The budget is stretched. The Gardiner is crumbling. The city is struggling over how to pay for expansion of the transit system. But never mind all that little stuff. City councillors spent most of the day on Friday talking about how to regulate lap dancing in strip clubs.
The Licensing and Standards Committee pored over an 84-page report from city staff proposing amendments to Chapter 545, Article XXXII of the Toronto Municipal Code. One amendment would change the “construction standards” for lap-dancing booths, where dancers gyrate for customers one-on-one. Another would update the language in the bylaw to replace the term “burlesque entertainer” with the simpler “entertainer.” Yet another would define a designated entertainment area as one “in which services may be provided which are designed to appeal to erotic or sexual appetites or inclinations.”
The updated bylaw would require club owners to install hand-sanitizing dispensers, to keep dancing poles in good repair, to post warnings about the dangers of sexually transmitted diseases and to equip lap-dancing booths with a panic button in case a dancer faced assault or harassment.
To guard against funny business, the report from city staff proposed requiring the dancing booths to have one side that is either open, transparent or covered with a partition no more than four feet high. To discourage open sexual contact while avoiding outlawing hand shakes, the new bylaw would clarify the old “no-touch” policy by forbidding a dancer or patron “to touch, sit, or rest on, or make any physical contact with the covered, partially covered, or uncovered breasts, buttocks, genital, pubic, anal and perineal areas.”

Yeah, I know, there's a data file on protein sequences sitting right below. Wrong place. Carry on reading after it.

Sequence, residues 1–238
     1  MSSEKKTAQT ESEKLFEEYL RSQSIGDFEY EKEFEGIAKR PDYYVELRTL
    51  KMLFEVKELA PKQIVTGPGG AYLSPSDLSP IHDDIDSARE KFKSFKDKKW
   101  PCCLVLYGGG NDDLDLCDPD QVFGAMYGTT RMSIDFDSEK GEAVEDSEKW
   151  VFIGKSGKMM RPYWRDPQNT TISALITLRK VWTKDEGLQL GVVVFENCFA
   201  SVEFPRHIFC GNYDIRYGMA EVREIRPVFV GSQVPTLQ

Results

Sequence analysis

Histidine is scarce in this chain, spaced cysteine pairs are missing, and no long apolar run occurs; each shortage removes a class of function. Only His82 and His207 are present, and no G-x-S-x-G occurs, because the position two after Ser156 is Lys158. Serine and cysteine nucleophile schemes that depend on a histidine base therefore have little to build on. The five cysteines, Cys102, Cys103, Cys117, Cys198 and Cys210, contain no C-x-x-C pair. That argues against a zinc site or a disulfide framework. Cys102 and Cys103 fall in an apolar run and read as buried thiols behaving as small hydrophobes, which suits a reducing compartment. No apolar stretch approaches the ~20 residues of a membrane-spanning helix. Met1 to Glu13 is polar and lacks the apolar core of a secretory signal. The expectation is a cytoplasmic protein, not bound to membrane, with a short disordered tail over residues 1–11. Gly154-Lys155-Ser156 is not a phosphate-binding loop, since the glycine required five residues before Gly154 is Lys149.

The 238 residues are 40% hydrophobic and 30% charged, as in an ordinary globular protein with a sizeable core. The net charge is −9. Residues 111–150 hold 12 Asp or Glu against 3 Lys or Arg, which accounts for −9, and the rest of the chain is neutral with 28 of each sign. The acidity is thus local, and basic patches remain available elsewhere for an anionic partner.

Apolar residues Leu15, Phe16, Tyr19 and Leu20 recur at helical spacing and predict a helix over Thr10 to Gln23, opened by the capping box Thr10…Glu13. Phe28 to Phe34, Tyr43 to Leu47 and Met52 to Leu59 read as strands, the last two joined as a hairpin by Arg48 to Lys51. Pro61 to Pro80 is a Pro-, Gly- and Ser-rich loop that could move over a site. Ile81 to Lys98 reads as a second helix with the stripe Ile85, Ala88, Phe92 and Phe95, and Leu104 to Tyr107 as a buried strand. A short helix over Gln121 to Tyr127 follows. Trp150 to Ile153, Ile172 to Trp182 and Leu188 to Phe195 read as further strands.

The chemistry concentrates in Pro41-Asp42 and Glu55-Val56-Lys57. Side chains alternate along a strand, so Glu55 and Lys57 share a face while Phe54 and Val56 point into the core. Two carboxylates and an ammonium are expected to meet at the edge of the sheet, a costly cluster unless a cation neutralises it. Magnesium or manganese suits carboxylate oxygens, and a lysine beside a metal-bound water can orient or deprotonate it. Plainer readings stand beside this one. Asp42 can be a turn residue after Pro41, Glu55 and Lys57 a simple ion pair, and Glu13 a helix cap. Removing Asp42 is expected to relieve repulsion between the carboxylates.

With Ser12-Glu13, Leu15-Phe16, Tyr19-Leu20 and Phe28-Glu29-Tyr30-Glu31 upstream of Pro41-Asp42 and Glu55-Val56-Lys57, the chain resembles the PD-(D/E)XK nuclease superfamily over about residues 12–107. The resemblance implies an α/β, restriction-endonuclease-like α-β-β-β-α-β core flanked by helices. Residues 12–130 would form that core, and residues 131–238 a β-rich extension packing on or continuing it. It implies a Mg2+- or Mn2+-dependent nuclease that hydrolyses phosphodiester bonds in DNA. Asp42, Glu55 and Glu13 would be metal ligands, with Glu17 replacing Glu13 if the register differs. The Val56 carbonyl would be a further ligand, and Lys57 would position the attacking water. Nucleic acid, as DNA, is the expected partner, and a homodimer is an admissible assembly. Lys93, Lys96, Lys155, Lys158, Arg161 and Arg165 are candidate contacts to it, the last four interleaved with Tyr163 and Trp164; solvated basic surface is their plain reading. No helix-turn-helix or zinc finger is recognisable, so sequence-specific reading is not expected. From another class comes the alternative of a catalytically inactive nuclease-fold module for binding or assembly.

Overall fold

As Scarborough Councillor Glenn De Baeremaeker put it after nearly five hours of hearings, “this committee can make even sex boring.” Still, he and his fellow councillors approved most of the new rules. At least now, he said, there is “a list of body parts that you shouldn’t touch” – progress indeed for Toronto the Good.
Earlier in the hearings, he even suggested making the partitions on lap-dancing booths lower because “you can have a lot of action going on lower than four feet.” After all, “most people’s laps are lower than four feet.”
Is this really how people with a big city to govern should be spending their time: determining the height of lap-dancing doors?
Adam Vaughan shakes his head. “I don’t think we should be regulating sex,” the downtown councillor says.
The city has a legitimate right to intervene if strip clubs are causing trouble for a neighbourhood – noise, drug use or other nuisances. It also has an interest in making sure they don’t threaten public health through the spread of sexually transmitted diseases – something best handled through education and health services.
Otherwise, Mr. Vaughan says, the city should not be concerning itself with who touches whom where in private establishments. “Good luck with regulating that. It’s not my job as a city councillor.”
No, it’s not. The rights and wrongs, dos and don’ts of what goes on in a strip club are matters well beyond their ken. It’s a complicated business of changing practices and evolving public morality.
As recently as the 1960s (an aged relative of mine reports), strippers at the Victory Burlesk at Dundas and Spadina had to wear panties and pasties at all times or face arrest. One former stripper at Friday’s hearing recalled the days when a “table dancer” would cart a box around a club, park it in front of patrons, jump on top and perform a private dance. Lap dancing has been around for at least a generation, its legality fought over in the courts.
Councillors who try to micromanage what goes on in a strip club are just dancing in the dark.